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Re: Raptors climbing trees?



Of course, we will never know what they "did". Our task should be to
determine what they were at least possible of doing. True, a full-grown Deinonychus leaping from branch to branch MAY be hard to realistically imagine. But what about a juvenile? It's hard to imagine the majority of behaviors living animals practice, but it happens. This question shouldn't be limited to the species, it's also a question of ecology (what sort of branches were there to leap to & from?). Especially given that there are tyrannosaurs and/or other larger predators in most every environment dromaeosaurs are know from, ANY escape method should not be ruled out w/o proof of impossibility.Â<<<

Some good points, but I strongly disagree with the statement "Our task should be to determine what they were at least possible of doing." While not uninteresting (humans can do the splits), what's far more informative is to look for what an organism is adapted (i.e. specialized) to do. This requires putting them into their phylogenetic context (primates can generally do the splits, and people are actually worse at it) to understand what the evolutionary changes are telling us.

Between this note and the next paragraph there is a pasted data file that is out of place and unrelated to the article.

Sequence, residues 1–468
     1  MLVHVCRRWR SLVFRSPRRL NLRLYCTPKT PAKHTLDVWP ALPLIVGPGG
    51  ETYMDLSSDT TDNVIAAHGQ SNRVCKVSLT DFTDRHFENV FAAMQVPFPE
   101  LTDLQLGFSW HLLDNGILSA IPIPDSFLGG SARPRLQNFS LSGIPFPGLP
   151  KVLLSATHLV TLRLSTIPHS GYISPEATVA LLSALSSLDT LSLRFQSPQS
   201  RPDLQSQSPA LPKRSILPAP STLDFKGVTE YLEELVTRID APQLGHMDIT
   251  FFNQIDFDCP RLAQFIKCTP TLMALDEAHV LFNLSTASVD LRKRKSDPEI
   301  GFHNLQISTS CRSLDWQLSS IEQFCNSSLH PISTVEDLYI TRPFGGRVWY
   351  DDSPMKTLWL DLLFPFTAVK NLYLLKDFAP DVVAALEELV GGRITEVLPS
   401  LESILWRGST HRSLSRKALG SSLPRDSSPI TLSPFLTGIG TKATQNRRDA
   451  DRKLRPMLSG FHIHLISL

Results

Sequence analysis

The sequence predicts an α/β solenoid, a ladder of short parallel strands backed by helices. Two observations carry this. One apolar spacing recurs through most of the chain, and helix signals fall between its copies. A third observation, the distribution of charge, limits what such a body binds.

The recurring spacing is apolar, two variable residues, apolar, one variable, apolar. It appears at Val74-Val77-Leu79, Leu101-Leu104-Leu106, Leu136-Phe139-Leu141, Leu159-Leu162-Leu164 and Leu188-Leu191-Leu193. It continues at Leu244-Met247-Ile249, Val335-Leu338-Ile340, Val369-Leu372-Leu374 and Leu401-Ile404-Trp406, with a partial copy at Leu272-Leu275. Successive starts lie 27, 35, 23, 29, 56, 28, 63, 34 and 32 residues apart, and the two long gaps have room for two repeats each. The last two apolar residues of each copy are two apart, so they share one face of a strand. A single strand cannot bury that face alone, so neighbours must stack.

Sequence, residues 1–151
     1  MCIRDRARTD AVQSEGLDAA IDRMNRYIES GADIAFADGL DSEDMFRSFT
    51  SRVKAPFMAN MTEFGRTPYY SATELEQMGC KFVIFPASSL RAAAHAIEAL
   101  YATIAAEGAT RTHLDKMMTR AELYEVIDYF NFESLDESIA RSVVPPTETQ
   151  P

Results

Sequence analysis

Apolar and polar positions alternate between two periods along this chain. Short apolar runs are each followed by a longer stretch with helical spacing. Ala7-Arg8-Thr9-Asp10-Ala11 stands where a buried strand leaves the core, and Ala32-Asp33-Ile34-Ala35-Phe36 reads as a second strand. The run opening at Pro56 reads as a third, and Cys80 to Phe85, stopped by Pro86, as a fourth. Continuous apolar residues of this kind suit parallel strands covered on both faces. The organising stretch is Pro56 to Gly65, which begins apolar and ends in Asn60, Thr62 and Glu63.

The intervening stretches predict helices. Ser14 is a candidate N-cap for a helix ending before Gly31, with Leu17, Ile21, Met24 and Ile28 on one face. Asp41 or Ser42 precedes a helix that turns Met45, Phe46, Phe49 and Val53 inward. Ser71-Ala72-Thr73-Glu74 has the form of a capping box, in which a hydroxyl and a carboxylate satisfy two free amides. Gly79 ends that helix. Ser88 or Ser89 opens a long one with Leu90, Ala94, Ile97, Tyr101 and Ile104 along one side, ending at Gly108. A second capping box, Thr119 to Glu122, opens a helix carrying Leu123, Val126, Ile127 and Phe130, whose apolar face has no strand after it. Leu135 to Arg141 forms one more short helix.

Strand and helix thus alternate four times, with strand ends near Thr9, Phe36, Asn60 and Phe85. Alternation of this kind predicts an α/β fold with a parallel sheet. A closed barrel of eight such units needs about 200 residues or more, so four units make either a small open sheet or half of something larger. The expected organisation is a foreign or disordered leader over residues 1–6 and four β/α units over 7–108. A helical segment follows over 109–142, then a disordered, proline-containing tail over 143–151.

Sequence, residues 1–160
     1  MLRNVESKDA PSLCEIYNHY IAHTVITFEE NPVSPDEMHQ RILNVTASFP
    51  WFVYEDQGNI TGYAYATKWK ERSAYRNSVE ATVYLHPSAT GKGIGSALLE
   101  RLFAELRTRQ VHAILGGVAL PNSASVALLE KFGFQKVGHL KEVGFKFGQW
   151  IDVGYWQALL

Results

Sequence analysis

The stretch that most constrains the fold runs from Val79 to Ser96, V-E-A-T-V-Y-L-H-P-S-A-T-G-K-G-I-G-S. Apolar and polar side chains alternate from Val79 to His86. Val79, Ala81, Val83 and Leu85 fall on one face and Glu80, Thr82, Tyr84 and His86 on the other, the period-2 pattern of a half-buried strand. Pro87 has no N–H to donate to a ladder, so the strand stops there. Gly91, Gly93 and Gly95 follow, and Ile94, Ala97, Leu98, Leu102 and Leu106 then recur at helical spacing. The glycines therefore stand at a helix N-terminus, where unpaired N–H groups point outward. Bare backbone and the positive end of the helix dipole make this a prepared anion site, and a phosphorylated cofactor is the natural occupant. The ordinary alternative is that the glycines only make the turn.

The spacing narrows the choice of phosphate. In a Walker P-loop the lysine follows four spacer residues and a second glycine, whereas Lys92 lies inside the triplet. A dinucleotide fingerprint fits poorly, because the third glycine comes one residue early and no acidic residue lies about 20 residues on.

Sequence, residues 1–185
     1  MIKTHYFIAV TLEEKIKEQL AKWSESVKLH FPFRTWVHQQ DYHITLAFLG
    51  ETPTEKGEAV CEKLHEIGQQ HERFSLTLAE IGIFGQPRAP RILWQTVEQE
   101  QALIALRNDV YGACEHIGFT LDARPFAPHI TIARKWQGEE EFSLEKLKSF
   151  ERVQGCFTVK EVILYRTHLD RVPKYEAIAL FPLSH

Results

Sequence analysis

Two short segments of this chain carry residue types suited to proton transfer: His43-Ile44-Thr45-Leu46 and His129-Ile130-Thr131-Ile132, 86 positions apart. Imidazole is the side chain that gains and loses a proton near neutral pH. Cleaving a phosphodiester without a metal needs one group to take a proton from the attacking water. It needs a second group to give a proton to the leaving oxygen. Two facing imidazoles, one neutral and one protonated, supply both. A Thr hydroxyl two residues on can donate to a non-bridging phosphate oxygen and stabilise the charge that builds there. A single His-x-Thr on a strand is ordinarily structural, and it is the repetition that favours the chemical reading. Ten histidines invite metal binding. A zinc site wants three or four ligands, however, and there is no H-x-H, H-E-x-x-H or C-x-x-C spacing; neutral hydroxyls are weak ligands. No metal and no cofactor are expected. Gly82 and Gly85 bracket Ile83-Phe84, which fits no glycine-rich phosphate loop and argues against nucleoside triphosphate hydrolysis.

There is little doubt that dromaeosaurs of small to medium size could get up the right kind of tree (preferably one with lots of branches to grab on to) if they really wanted to. But there is no evidence at all that dromaeosaurs were specializing for spending time up in trees, so there doesn't appear to have been a strong selective pressure (if any) on arborreal lifestyles. None of them show adapations for leaping from branch to branch (and actually show some adapations that would make them worse at it), ergo such activities probably played as much of a roll in their daily lives as doing the splits does in ours.

Scott Hartman
Science Director
Wyoming Dinosaur Center
110 Carter Ranch Rd.
Thermopolis, WY 82443
(800) 455-3466 ext. 230
Cell: (307) 921-8333

www.skeletaldrawing.com